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Driver Awareness Course

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Maydup | 20:41 Fri 12th Jul 2019 | Motoring
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I have receive a speeding notice today, 37 mph in 30 limit and offered opportunity to attend drivers awareness course, which I thought I would opt for. Sadly we were on holiday at the time and if I want to take the course I can only do it in that county which is over 6 hours away therefore not a possibility.

I was surprised to read loud and clear that there is no reciprical arrangement with other counties, so my only option is the fixed penalty and points.

Unless anyone has any other suggestions?

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That's odd. The Kent CC website (for example) says "You can take the course in other areas in the UK" and provides a link to here:
https://offer.ndors.org.uk/#/home
It might be worth trying to register on that site anyway.
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Not the same in Dorset, states loud and clear that there is no reciprical arrangement. I will double check on your link, but i think if i go on a course via that website it would not cancel the notice.
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Checked and i have to accept a course in Dorset, get the relevant pin to then register on that site. I'm one stage before that witn first notice letter.

Choices are course in Dorset, fixed penalty or court.
As the letter you've received states, "you do not have the ‘right’ to attend . . . ", so, unless you can get down to Dorset, you'll have to accept the fixed penalty and points:
https://www.dorset.police.uk/media/1423/driver-awareness-scheme-faqs.pdf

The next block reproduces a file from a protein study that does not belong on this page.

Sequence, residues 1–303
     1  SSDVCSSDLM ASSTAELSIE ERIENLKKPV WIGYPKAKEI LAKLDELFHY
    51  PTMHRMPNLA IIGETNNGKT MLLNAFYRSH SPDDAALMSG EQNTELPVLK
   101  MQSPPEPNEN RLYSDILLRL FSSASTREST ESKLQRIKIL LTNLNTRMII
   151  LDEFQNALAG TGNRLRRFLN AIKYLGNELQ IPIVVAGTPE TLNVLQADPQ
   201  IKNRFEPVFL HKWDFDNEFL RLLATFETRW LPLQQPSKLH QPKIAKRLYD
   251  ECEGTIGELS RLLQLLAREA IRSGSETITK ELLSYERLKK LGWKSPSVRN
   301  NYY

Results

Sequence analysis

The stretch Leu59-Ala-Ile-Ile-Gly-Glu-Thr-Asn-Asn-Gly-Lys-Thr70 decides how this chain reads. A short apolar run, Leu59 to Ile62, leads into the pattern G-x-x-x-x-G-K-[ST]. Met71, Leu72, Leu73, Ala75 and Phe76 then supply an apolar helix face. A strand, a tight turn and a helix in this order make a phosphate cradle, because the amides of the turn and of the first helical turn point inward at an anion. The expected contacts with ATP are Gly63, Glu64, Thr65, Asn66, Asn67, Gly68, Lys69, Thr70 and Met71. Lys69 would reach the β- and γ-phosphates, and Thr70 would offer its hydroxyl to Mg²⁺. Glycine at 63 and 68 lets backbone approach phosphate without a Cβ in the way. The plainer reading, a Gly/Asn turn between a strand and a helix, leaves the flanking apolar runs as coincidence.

All I can suggest is accepting a course somewhere near to a rail station and taking a train to Dorset. The cost of return rail travel between Norwich and Bournemouth, for example, (using Advance tickets) starts from around £80:
https://www.nationalrail.co.uk/
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Thanks Chris. I think I will just have to pay the fine which is £100. The course costs the same amount, plus the train ticket, plus a day off from work when I have just had time off for holiday. So be it. Grrrr. It just seems so unfair that its not consistant across the country, and that different counties are allowed to have different arrangements.
Dorset for some reason which I cannot explain "stands alone" in its speed awareness course arrangements. It is a two-edged sword. Yes, you have to travel to Dorset to do a course if you are caught there. But....if you do take a course in Dorset it does not count under the "three year" rule (you can only do one course in three years). This means if you are caught again in any other county within three years you can still do a course. It also works the other way round - if you do a course elsewhere and are then caught in Dorset within three years you can do a course in Dorset.

I've never understood why Dorset does not participate in the national scheme. You might like to take this on board before you make up your mind.
Can someone explain the point of the "awareness course"? Is it related to things like "anger management" courses?

I value education, but there appears to be an unproven premise here: that stupid or nasty people can be persuaded to understand and care about the consequences of their actions.

I'm not suggesting this is impossible, only that these policies look expensive and seem to this poster unlikely to achieve their goals.
I can tell that you have not done one of these courses VE.

I admit I have, and found the course to be surprisingly helpful.
I am sure for many it does help to modify their behaviour.

For those who it doesn't, they will surely get caught again and next time have to take the points.
V_E:
Someone I know (the lady who runs a local burger van that I occasionally frequent) attended a driver awareness course recently. She said that she felt that she'd benefited from it, as it reminded her of things in her initial driver eduction which she'd largely forgotten about or brought her up to date with some things which have changed over the years.